Monbiot's conversion, now 'loves' glowing example of Fukushima
tony at cultureshop.org.uk
Tue Mar 22 09:41:27 GMT 2011
Our founder turned one trick climate pony - George scribbles like a Zombie for the war and money control Western power elite in the Guardian today. These fascists require positive press from fake environ-mentalists to put their evil plans back on track since the developing Fukushima disaster.
No mention does Monbiot make of the need for crippling public subsidy - motivation of entire industry being for plutonium for weapons - deadly legacy for hundreds of thousands of years - nor of last week's accident at Oldbury nuke station in Gloucestershire.
Neither will you find in the Guardian today anything that Jeremy Corbyn, John MacDonald or dennis Skinner said in yesterday's commons 'debate' on Libya.
Oldbury reactor failure leads to 'mildly' radioactive steam release
Reactor 2 was automatically and safely shut down following an electrical problem on conventional plant in the site's turbine hall.
"Post trip cooling on Reactor 2 has commenced successfully. Investigations into the cause of this event are ongoing."
Why Fukushima made me stop worrying and love nuclear power
Japan's disaster would weigh more heavily if there were less harmful alternatives. Atomic power is part of the mix up in my brain
Want some real news and not this City of London financed hypnotic pseudo-left tripe?
--- In Diggers350 at yahoogroups.com, Tony Gosling <tony at ...> wrote:
> A cloud of nuclear mistrust spreads around the world
> March 16, 2011
> After decades of lies, nuclear reassurances now fall on deaf ears
> Special report by Michael McCarthy
> It is unprecedented: four atomic reactors in dire
> trouble at once, three threatening meltdown from
> overheating, and a fourth hit by a fire in its
> storage pond for radioactive spent fuel.
> All day yesterday, dire reports continued to
> circulate about the Fukushima Daiichi nuclear
> plant, faced with disaster after Japan's tsunami
> knocked out its cooling systems. Some turned out
> to be false: for example, a rumour, disseminated
> by text message, that radiation from the plant
> had been spreading across Asia. Others were true:
> that radiation at about 20 times normal levels
> had been detected in Tokyo; that Chinese airlines
> had cancelled flights to the Japanese capital;
> that Austria had moved it embassy from Tokyo to
> Osaka; that a 24-hour general store in Tokyo's
> Roppongi district had sold out of radios, torches, candles and sleeping bags.
> But perhaps the most alarming thing was that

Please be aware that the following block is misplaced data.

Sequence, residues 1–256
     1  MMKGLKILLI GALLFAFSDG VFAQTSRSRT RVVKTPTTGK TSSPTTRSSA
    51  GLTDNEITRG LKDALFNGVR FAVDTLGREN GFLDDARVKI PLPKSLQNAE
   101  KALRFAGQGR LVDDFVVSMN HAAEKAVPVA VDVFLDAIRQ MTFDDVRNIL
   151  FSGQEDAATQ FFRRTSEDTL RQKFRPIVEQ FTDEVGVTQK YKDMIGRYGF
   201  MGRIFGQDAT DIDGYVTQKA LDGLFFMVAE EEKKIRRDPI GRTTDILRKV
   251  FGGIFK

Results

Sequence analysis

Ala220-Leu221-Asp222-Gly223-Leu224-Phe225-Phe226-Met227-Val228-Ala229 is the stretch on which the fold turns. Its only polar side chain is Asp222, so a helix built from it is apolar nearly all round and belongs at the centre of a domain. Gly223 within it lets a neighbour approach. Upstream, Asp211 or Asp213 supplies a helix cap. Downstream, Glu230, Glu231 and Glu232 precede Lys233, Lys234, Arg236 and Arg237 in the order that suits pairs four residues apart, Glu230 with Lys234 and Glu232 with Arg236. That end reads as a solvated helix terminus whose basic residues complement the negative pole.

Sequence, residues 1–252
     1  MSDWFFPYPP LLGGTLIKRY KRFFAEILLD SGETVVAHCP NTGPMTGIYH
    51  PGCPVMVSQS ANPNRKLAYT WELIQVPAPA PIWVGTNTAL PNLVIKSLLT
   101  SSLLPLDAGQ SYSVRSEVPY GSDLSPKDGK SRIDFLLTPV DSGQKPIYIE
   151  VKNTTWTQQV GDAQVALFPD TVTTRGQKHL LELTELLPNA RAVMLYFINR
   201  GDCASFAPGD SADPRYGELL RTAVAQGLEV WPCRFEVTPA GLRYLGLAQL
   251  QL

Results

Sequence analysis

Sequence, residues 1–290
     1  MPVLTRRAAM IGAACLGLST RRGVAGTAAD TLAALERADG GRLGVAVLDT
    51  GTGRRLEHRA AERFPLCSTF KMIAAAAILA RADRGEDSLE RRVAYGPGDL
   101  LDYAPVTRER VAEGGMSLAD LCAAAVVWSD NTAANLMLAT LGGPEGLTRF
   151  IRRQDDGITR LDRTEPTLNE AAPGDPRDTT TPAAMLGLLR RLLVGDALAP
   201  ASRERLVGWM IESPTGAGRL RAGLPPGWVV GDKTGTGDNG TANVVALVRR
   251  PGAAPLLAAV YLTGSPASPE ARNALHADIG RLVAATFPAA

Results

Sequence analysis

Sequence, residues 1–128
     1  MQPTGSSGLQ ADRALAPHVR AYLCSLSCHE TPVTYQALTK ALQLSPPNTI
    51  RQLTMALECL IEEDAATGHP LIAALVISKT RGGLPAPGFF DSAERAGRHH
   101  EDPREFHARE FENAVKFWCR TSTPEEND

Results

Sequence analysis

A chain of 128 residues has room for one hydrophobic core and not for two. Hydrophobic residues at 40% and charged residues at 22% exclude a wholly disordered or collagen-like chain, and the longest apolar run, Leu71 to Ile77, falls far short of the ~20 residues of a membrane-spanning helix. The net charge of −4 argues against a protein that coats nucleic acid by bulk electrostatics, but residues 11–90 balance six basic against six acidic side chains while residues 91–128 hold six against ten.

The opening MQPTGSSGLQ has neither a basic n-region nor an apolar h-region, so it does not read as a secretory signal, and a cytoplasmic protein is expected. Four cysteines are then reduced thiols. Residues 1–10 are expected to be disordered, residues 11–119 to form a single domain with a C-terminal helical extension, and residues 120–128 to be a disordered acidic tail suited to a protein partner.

> although Naoto Kan, Japan's Prime Minister, once
> again appealed for calm, there are many in
> Japan and beyond who are no longer prepared to be reassured.
> The scale of the alarm is the remarkable thing:
> how it has gone round the world (Angela Merkel
> has imposed a moratorium on nuclear energy; in
> France, there are calls for a referendum); how
> it's even displaced the terrible story of Japan's
> tsunami itself from the front-page headlines. But
> then, public alarm about nuclear safety, as the
> Fukushima emergency proves, is very easy to raise
> and, as the Japanese authorities are now discovering, very hard to calm.
> The reason is an industry which from its
> inception, more than half a century ago, has
> taken secrecy to be its watchword; and once that
> happens, cover-ups and downright lies often
> follow close behind. The sense of crisis
> surrounding Japan's stricken nuclear reactors is
> exacerbated a hundredfold by the fact that, in an
> emergency, public trust in the promoters of
> atomic power is virtually non-existent. On too
> many occasions in Britain, in America, in Russia,
> in Japan pick your country people have not
> been told the truth (and have frequently been
> told nothing at all) about nuclear misadventures.
> To understand the mania for secrecy, we have to
> go back to nuclear power's origins. This was not
> a technology dreamt up as a replacement for
> coal-fired power stations; this is a military
> technology, conceived in a life-or-death
> struggle, which has been modified for civilian
> purposes. At its heart is the nuclear chain
> reaction, the self-sustaining atom-splitting
> process ("fission") which occurs when enough
> highly radioactive material is brought together,
> and which produces other radioactive elements
> ("fission products"), and a release of energy.
> When it was first achieved by the physicists
> Enrico Fermi and Leo Szilard, in an atomic "pile"
> built in a squash court of the University of
> Chicago in December 1942, it merely produced
> heat; but all those involved understood that if
> it could be speeded up, it would produce the
> biggest explosive power ever known. And so was
> born the Manhattan Project, the US undertaking to
> build the atom bomb which was, while it lasted, history's biggest secret.
> Secrecy came with nuclear energy, like a
> birthmark, and, indeed, for 10 years after the
> first A-bomb was dropped on Hiroshima in August
> 1945, it remained a covert military technology,
> although first the Russians, and then the
> British, followed the Americans in developing it.
> Britain built a pair of atomic reactors at
> Windscale on the Cumbrian coast, which produced
> (as a fission product) plutonium, the material
> used in the first British nuclear weapon. That
> was exploded off the coast of Australia in 1952.
> And it was in one of these reactors that the